If you thought that Google Glass presents more privacy issues and potential for more intrusions from the government or other eavesdroppers, you may be surprised to hear that it isn't necessarily true. There are issues with every new technology, but that doesn't mean we should automatically think our private lives will have to be put on hold every time we put on a pair of Google's glasses.
The director (errr, Captain as his official title states) of Google X -- which is a lab that produces innovation and things like self-driving cars as well as Google Glass originated from - lately spoke at TechCrunch's Disrupt NY, an annual tech event currently taking place in Manhattan Center, NY.
His name is Dr. Astro Teller, and he reassured the crowd to not worry about privacy when it comes to Google Glass. He also doesn't think there has to be a division between the physical and digital worlds when it comes to us being engaged in our daily lives.
"There is no law of physics that says just because we're connected, there has to be this schism between our physical lives and our digital lives," he said. "I grant that people are generally uncomfortable with how fast privacy issues are changing in the world, but Google Glass is not going to move the needle on that."
The concern stems from the fact that Google Glass uses cameras and other technologies to potentially record us in real time or have the ability to transmit our data in real time to a lab. However, as Teller pointed out in the interview, cameras are already ubiquitous in everyday life, at least in major cities of the USA, and the actual tech isn't as disruptive as one may think, it could be privacy wise. Basically, the problem is already here, and there is not much we can do about it.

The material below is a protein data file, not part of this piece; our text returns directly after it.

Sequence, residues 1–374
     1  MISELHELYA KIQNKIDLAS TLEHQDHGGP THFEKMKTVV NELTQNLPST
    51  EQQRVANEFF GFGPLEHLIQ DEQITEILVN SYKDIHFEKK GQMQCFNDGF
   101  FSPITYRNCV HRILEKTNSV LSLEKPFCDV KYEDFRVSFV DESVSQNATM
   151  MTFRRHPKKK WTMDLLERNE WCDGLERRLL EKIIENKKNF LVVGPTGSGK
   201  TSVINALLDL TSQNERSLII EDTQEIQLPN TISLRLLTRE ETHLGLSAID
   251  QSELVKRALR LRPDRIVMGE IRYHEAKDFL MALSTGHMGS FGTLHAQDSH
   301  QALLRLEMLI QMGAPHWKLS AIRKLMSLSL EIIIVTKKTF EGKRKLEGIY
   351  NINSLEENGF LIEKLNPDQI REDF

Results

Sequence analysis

He cited an article form the New York Times that was written in the 1800s that voiced similar concerns and as evidence we are worrying too much. You may also be familiar with A Brave New World and 1984, but that is another discussion. However, many concerns are founded in fact as big data is taking off and companies are looking to find predictive analytics on their consumers.
Google Glass cameras, in their current form, are actually really bad spy cameras, he said. This is due to their reliance on users having to face the direction the cameras record and them lighting up during recording.
In its current form, Google Glass cameras and gear isn't going to automatically record our private lives for some Google executive to enjoy vieweing with popcorn in hand. However, who knows what the future brings and if this is just the first step to having our lives be accessible by someone or organization to track and collect data from.
This has always been the downside of the digital and online age. Privacy being put set aside for functionality, efficiency and the growth of technology. There has to be some middle line drawn somewhere however.
With so many questions coming out of the event related to the future and Google, you may be wondering if jet packs will make an appearance soon?
"No," said Teller. However, he and the folks at Google X are interested in them, but right now they would be too power inefficient to be taken seriously by the lab.